Well, it’s not like the NSA is going to stop spying on everyone. The President has their back (no matter who it is) and there’s nobody who can stop them, because there’s no will for it - certainly not the laughable oversight courts.
This is just a matter of whether there’s a legal loincloth over it.
So, I guess this is a legitimate question. I am not happy with stuff like this and have long been against the patriot act. To other readers at BoingBoing, what do you think the role of an espionage and intelligence agency should entail? What do you think are reasonable restrictions and responsibilities?
This isn’t a loaded question, by the way - I’m actually interested in all answers, because this is something I kind of struggle with personally. On one hand, I believe that an intelligence agency is probably useful to a major world power and certainly something that is normal among other countries - it’s been clear through the Snowden reveals that many other world powers exercise similar activities. But where’s the line we draw and what’s the rationale?
The President and courts are still only a vast minority of the US people. If they claim to represent the interests of US people and fail, we are still the majority and can force them. Most people I talk with seem to despair over this, hoping that they can rely on others to make it happen, and not need to organize and apply pressure as individuals.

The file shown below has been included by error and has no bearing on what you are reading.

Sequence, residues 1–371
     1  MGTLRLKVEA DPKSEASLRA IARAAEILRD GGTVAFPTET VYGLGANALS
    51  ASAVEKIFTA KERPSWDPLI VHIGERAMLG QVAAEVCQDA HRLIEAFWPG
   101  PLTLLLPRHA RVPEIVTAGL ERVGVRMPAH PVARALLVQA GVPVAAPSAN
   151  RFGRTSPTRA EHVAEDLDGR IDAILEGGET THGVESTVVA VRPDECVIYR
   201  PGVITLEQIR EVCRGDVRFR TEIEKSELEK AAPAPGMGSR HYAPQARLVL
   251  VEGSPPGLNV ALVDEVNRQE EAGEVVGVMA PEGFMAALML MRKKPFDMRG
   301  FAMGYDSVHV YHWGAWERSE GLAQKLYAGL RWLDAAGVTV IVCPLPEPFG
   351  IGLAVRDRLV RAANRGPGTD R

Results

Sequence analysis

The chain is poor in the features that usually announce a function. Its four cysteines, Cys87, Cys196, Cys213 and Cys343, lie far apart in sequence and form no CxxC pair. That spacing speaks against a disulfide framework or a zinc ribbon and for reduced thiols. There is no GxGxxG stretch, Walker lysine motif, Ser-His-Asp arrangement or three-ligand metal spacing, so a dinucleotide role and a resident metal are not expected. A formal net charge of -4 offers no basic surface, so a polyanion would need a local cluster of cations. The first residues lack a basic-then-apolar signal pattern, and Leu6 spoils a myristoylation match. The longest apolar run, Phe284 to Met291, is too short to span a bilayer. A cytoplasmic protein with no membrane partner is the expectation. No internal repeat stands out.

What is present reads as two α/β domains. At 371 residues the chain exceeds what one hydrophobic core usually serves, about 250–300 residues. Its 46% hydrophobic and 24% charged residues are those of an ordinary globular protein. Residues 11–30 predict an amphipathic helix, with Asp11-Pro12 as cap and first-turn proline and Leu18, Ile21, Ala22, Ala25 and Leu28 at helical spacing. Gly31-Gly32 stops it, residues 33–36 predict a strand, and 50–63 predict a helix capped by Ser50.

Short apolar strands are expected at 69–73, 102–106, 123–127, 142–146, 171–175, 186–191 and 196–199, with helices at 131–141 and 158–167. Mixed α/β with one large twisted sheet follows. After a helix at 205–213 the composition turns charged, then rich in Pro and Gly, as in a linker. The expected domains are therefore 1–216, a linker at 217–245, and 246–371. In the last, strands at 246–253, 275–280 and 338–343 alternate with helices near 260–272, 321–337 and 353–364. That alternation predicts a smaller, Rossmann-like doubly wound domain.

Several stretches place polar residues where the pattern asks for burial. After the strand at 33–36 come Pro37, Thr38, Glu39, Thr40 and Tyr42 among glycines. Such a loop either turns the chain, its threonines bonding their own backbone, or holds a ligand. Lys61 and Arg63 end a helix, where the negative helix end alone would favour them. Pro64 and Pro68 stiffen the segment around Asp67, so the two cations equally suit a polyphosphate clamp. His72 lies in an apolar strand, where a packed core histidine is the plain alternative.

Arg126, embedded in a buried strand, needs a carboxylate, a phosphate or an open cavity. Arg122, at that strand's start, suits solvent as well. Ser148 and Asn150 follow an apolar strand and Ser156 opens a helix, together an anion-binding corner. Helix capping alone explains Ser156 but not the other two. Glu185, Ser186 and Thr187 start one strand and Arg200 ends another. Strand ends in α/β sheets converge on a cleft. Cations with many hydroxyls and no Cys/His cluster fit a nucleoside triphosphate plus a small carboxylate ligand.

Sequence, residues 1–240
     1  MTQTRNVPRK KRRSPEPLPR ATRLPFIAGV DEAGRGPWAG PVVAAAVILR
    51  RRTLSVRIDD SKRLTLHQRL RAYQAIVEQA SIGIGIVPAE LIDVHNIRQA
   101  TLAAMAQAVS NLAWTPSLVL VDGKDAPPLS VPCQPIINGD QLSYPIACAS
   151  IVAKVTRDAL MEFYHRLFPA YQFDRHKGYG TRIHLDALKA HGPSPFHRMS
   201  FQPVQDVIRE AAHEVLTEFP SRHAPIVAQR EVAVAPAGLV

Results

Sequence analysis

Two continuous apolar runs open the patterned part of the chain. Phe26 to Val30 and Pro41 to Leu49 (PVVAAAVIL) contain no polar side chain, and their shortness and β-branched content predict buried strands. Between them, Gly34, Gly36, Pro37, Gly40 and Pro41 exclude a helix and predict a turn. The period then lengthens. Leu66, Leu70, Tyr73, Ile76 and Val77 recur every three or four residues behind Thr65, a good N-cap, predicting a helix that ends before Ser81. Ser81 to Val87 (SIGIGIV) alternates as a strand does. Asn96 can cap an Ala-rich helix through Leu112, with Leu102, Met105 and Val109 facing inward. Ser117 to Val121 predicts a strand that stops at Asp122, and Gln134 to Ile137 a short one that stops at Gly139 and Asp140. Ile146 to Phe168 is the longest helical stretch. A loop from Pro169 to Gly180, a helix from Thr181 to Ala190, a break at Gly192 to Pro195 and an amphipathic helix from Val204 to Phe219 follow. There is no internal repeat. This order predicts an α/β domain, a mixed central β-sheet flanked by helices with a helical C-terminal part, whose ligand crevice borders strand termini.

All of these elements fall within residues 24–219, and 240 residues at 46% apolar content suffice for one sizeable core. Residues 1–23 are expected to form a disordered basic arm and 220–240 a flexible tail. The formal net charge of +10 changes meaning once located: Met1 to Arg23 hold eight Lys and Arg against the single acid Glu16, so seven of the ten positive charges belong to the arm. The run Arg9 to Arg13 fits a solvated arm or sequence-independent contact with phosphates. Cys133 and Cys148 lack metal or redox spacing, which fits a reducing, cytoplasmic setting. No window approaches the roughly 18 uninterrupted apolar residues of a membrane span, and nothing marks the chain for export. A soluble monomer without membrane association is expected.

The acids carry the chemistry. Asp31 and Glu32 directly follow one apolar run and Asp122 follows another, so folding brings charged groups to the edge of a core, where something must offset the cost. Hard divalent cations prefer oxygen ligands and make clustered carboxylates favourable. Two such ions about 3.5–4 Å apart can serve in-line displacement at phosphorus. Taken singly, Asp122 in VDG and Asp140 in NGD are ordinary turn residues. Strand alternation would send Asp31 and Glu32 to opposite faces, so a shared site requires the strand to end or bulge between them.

The so called ‘patriot act’ has expired and it should stay expired forever.
the problems related to surveillance began long ago and have become tradition within government enforcement programs. protecting certain groups can easily be criticized as elitist. justifying secrecy of information related to these groups is a web of human controversy. at this point in time the traditionally powerful will continue being protected. from my perspective the entire homeland security agency should be dissolved since it has only triplicated all existing programs.
Expired doesn’t mean “GONE FOREVER! NO TAKEBACKS!”
Congress can reinstate USA PATRIOT any time it wants to. And from when the press is saying about support within Congress, they will probably reinstate it immediately.
Now Russ Feingold can say “Maybe next time y’all should listen to me?”
I was half-expecting Ron Paul to pack it up at the last minute and allow a vote, saying that he was just trying to make a point of some kind. I’ve come to expect crap like that from politicians. Paul has earned my respect on this issue, anyway.
USAPATRIOT is one of the most successful power grabs to date, but it was not the first attempt…
… and it won’t be the last.
If you are looking for a podcast, On The Media covered USAPATRIOT over the weekend:
I dunno. Maybe I am just an optimist, but I would hope the average person working at the NSA would be like, “Well technically we can’t do that now. It isn’t legal.” and not be actively engaged on anything they aren’t allowed to do.
That can’t be said enough. It’s not like Obama, head of the “Most Transparent Administration EVER™” is sitting this one out. He’s actively supporting it with fearmongering and backing up all the lying shitweasels like Clapper.
And even if the authority for it expires, they’ve still only got a rubber-stamping FISA court hurdle to clear. Not very problematic.